Read three stories of senior dogs who benefited from surgery: Is My Dog Too Old for Surgery?

What are other potential complications?

As your dog ages, they might not be able to heal as well as they did when they were young. Anesthesia isn’t the only risk with surgery. Every surgical procedures carries risk of potential complications during and after such as:

  • bleeding
  • swelling, bruising, and seromas
  • poor incision healing
  • infections

Discuss with your veterinarian how your dog’s age might increase the risk of complications and how you can minimize it.

Quality of life considerations

Risks aside, quality of life is a crucial element to consider. What will your dog’s quality of life be without the surgery? Is there a non-surgical option that can achieve the same goals? For example, a dog with a severe dental disease might spend the rest of their life in pain. Not only might they lose their teeth, but the infection may also even erode their jaw. If it was you, would you consider that amount of pain worse than the risk of death during the procedure?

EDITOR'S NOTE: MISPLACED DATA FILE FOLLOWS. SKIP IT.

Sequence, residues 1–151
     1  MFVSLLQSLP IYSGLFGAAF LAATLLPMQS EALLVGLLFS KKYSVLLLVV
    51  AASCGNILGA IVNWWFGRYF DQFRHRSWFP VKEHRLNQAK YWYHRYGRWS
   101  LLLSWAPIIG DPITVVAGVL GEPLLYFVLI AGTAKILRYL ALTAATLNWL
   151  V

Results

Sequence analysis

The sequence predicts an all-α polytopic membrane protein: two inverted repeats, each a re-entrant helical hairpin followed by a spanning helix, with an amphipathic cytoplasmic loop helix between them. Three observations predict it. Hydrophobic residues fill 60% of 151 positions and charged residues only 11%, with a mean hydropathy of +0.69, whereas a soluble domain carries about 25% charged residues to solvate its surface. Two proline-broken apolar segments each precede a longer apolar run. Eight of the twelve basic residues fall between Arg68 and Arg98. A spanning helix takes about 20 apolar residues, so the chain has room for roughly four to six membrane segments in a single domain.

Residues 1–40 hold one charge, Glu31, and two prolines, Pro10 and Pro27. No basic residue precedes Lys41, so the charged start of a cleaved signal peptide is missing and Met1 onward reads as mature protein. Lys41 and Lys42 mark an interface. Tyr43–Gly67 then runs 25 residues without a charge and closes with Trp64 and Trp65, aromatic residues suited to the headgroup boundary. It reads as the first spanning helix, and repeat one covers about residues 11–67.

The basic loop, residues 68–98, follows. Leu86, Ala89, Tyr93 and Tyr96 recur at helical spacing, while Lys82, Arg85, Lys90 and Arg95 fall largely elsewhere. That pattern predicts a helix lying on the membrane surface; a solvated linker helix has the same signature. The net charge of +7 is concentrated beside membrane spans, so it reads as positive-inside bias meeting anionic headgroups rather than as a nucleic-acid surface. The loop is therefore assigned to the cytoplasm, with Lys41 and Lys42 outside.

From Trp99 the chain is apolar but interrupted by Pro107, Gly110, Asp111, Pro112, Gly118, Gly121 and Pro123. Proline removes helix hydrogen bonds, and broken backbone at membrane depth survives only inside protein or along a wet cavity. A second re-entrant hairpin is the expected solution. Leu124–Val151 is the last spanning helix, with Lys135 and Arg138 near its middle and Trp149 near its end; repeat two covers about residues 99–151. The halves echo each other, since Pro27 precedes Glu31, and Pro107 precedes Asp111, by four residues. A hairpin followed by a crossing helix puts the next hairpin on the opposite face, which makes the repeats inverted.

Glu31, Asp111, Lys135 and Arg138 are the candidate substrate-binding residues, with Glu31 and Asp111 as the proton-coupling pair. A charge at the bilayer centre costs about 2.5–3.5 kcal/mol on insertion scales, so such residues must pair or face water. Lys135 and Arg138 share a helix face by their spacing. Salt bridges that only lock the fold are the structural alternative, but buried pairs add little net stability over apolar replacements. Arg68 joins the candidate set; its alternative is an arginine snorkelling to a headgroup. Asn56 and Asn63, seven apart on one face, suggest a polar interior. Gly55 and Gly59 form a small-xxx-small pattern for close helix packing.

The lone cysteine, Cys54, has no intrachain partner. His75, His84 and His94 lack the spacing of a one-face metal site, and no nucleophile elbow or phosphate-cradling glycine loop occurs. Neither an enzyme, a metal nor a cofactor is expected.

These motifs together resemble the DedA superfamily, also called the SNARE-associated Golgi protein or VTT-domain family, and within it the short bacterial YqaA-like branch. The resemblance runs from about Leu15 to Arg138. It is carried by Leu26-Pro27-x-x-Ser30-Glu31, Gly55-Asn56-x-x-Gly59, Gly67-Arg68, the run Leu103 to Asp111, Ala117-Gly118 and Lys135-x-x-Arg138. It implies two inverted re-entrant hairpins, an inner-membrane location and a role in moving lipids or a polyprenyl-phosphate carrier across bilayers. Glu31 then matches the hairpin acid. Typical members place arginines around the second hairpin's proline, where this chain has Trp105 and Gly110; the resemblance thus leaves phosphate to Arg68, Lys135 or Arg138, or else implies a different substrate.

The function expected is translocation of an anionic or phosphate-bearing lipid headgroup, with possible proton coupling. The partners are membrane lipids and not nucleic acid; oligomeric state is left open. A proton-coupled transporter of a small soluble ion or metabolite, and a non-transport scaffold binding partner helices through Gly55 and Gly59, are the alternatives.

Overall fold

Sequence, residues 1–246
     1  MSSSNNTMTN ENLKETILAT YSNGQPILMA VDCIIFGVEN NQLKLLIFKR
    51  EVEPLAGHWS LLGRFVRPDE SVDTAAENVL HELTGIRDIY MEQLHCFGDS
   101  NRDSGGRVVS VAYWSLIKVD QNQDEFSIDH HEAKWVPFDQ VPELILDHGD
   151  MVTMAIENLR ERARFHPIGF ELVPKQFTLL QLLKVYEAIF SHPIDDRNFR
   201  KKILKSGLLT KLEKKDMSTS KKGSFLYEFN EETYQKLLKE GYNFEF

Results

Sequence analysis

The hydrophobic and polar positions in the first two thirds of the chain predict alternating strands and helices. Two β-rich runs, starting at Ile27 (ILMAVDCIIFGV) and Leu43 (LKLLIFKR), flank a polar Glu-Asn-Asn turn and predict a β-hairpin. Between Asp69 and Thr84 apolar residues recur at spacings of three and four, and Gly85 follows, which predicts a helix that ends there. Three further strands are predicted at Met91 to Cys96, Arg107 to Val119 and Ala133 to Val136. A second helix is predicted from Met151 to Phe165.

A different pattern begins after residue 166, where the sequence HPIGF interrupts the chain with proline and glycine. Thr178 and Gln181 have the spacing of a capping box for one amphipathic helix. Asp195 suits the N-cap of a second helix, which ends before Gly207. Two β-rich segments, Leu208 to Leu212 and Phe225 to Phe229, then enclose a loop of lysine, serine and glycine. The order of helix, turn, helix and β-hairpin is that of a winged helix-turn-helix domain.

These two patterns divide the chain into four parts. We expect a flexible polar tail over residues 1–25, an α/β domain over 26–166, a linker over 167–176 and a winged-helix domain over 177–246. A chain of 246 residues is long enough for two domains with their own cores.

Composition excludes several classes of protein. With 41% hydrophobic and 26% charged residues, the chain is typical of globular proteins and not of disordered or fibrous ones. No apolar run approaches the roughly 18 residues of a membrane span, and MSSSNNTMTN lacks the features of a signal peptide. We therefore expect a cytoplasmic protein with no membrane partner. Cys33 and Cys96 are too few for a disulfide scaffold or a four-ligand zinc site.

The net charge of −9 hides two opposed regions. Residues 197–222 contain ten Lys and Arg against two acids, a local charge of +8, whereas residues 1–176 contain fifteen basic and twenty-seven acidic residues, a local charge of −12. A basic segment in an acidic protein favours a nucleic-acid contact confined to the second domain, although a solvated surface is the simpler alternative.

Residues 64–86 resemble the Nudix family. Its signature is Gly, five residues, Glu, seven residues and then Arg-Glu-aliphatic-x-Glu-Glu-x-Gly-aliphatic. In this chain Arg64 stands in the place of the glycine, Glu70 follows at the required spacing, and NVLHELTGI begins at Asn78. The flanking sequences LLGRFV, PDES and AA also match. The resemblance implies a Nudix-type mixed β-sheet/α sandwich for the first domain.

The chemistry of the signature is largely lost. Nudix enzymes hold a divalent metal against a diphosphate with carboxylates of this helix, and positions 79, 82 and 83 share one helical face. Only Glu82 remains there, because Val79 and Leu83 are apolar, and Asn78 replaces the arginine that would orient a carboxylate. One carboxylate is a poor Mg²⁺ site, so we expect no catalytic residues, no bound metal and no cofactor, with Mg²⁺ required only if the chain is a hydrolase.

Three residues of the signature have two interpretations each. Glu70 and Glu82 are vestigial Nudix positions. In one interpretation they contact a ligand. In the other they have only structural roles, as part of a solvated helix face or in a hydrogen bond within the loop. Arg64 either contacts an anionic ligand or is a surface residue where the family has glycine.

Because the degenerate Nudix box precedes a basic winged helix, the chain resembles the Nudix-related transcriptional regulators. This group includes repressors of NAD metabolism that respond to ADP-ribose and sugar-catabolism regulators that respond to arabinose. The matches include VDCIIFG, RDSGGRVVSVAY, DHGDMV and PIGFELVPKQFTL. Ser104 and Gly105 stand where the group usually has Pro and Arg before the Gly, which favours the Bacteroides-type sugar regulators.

What about bone cancer? Did you know that the primary purpose of amputation is pain relief?

Similar applies to splenic tumors. Even a benign tumor can cause untimely, painful death from internal bleeding. Removing the spleen might prolong life to various degrees but will definitely improve life quality.

Same rationale applies to any conditions treatable by elective surgery:

  • Can you successfully treat it without surgery?
  • Will the surgery improve your dog’s outlook and quality of life?

What are other choices?

Some of the conditions that are candidates for elective surgery can be successfully treated medically or with an alternative approach. Acupuncture, regenerative therapies, and physical therapy can go a long way in many cases. No magic will cure a bleeding spleen, though.